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A computer-based monitoring system (also called an electronic monitoring system) automatically records statistics about the work of employees using computer or telecommunication equipment in their jobs. Such statistics might include number of keystrokes made, types of transactions completed, or time spent for each transaction, for example.
Although many workers have expressed a feeling of privacy invasion when they are "constantly watched" by a machine, computer-based monitoring usually does not raise issues of privacy infringement in the strict legal sense. The workplace activities that are monitored by computer are primarily inherently public activities, many of which were subject to counting or supervision in other ways before computers became available. Privacy and access questions may arise, however, related to employees’ ability to see or challenge records concerning their work.
The central workplace issues raised by monitoring are labor relations questions of fairness, dignity, autonomy, and control, and are greatly influenced by the labor-management relations climate of a given firm or industry. The effects of computer-based monitoring depend on how it is used. Allegations of "unfair" or "abusive" monitoring usually focus on questions like high or increasing quotas, inappropriate work standards or punitive use of monitoring information by supervisors.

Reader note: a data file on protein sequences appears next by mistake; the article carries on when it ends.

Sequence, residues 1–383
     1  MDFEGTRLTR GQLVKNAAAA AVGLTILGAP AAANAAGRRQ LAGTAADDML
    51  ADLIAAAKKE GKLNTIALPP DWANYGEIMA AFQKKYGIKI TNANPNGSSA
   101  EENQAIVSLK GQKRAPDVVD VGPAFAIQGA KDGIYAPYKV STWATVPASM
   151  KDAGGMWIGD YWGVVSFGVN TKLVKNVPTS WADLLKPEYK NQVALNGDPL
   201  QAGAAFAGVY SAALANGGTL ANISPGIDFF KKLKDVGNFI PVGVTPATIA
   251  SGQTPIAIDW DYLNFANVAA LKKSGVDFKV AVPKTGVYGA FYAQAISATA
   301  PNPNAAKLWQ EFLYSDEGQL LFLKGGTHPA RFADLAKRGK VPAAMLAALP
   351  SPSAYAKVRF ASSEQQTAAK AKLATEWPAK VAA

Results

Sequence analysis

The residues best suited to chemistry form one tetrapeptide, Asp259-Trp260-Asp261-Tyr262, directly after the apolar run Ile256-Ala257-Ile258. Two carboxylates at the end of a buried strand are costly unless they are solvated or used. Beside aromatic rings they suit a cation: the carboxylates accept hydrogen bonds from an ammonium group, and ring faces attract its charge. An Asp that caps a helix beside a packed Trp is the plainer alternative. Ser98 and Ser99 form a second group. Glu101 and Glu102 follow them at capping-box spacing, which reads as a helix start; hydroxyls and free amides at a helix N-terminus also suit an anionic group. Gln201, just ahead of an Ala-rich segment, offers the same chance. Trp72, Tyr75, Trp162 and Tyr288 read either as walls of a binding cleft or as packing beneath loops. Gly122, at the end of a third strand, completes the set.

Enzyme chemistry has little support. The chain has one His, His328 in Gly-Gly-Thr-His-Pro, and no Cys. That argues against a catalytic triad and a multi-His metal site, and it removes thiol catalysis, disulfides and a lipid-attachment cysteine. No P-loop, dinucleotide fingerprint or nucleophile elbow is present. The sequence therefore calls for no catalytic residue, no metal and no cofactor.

Computer-based monitoring appears most likely to be opposed or resented by employees when they perceive that it is used unfairly or when it is imposed without their understanding or participation. Conversely, in some workplaces employees accept electronic monitoring as a tool that helps them get control of their own work and ensures that their supervisors evaluate them on the basis of fair criteria.
An additional issue is the possibility that monitoring contributes to employee stress by creating a feeling of being watched or by creating pressure to work at high speed. There is some research on effects of computer-based monitoring, but it generally fails to separate the effects of monitoring from those of job design, equipment design, lighting, workload, machine pacing, and other potentially stressful aspects of work in offices where computerized equipment is used.